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A Guide to the United States’ History of Recognition, Diplomatic, and Consular Relations, by Country, since 1776: Czechoslovakia

Summary

The Kingdom of Bohemia was incorporated into the Holy Roman Empire during the Thirty Years’ War (1618-48) and came under the domain of the Habsburg monarchs. Czech nationalism grew throughout the nineteenth century as a cultural movement despite the fact that under the Dual Monarchy (1867-1918) Bohemia and Moravia were part of the Austrian Empire while Slovakia was part of the Kingdom of Hungary. U.S. President Woodrow Wilson had a significant role in the founding of the Czechoslovakian Republic; thus, since Czechoslovakian independence, the United States and the Czechoslovakian Republic enjoyed close ties. This friendship, however, was strained by the tensions of the Cold War as Czechoslovakian foreign policy from 1948-89 was the prerogative of the Soviet Union.

National flag of Czechoslovakia, which was adopted by the Czech Republic in 1992

Recognition

U.S. Recognition of Czechoslovaskian Independence, 1918.

The tenth of President Woodrow Wilson’s Fourteen Points called for free opportunity for the “autonomous development” of the peoples of Austria-Hungary.

On September 3, 1918, Secretary of State Robert Lansing announced that the United States recognized the Czecho-Slovak National Council, which was resident in Paris, as a de facto government at war with the German and Austro-Hungarian Empires and that it was prepared to enter into formal relations with it. The Czecho-Slovak National Council organized a Provisional Government on October 14 and declared its independence from Austria-Hungary on October 18, 1918.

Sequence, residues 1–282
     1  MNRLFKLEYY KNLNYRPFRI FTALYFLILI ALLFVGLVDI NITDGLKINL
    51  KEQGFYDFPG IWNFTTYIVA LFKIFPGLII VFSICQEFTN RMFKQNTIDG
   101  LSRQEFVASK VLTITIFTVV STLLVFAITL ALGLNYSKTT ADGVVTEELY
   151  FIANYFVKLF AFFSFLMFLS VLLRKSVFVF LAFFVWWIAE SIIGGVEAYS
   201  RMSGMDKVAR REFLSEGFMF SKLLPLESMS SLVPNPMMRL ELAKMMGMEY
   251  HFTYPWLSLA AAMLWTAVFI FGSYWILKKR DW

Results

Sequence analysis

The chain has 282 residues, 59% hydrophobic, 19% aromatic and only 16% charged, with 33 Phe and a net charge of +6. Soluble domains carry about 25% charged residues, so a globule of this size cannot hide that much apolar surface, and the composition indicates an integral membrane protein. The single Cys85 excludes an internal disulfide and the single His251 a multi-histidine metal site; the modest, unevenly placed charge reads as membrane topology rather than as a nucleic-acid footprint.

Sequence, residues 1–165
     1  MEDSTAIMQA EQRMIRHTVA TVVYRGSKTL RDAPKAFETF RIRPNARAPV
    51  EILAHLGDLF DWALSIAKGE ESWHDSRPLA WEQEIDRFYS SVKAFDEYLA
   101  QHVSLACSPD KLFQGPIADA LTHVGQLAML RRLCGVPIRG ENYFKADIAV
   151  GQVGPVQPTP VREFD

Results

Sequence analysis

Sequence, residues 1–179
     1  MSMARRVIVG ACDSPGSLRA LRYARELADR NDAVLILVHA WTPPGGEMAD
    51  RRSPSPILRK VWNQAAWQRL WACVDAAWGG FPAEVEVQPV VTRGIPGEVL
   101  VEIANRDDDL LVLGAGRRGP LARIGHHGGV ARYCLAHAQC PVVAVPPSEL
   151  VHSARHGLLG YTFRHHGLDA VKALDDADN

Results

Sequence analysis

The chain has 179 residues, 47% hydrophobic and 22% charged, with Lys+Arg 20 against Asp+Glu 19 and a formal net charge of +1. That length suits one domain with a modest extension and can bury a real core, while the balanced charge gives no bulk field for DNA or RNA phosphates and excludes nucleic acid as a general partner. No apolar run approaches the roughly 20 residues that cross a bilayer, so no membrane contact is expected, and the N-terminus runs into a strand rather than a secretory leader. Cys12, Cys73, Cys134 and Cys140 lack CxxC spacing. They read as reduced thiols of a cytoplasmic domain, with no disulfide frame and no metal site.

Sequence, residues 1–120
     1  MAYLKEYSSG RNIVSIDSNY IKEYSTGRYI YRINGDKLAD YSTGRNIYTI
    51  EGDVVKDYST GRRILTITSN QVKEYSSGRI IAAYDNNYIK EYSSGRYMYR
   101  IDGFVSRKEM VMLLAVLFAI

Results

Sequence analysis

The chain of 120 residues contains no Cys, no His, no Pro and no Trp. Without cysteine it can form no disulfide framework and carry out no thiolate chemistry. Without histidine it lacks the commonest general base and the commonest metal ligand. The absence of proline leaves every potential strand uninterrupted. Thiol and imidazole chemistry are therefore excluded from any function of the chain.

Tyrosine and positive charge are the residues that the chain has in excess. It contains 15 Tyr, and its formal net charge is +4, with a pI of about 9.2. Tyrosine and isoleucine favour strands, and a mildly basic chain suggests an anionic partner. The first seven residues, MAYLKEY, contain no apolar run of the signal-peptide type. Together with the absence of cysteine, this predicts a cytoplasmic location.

Consular Presence

First U.S. Consular Post, Prague, 1869.

The first U.S. consular post in Bohemia was in Prague. A consulate was opened in 1869 and closed April 9, 1917, after Austria-Hungary severed diplomatic relations with the United States.

The United States opened a Consulate General in Bratislava in 1947. It was closed in 1950 after the Communist Government of Czechoslovakia alleged that U.S. diplomatic personnel were engaged in espionage and other improper activities, and demanded a reduction in their numbers. For the establishment of an Embassy in Bratislava after the “Velvet Divorce,” see the entry for Slovakia.

Consulate in Carlsbad (Karlovy Vary), 1906-1917, permanently closed, 1922.

A Commercial Agency was opened in Carlsbad (Karlovy Vary) in 1887. It became a Consulate in 1906, but was closed in 1917. There is no record of any postwar consuls being appointed before it was permanently closed in 1922.

Consulate in Reichenberg (Liberec), 1893-1917.

A Commercial Agency was opened in Reichenberg (Liberec) in 1886. It became a Consulate in 1893, was closed in 1917, and did not reopen after World War I.

There were also Commercial Agencies in Haida (Novy Bor) (1892-1908) and Brunn (Brno) (1863-1907).

Diplomatic Relations

Establishment of Diplomatic Relations, 1918.

On November 12, 1918, Assistant Secretary of State William Phillips announced that the United States recognized Charles Pergler as the Czecho-Slovak National Council’s Commissioner in Washington.

Establishment of American Legation in Prague, 1919.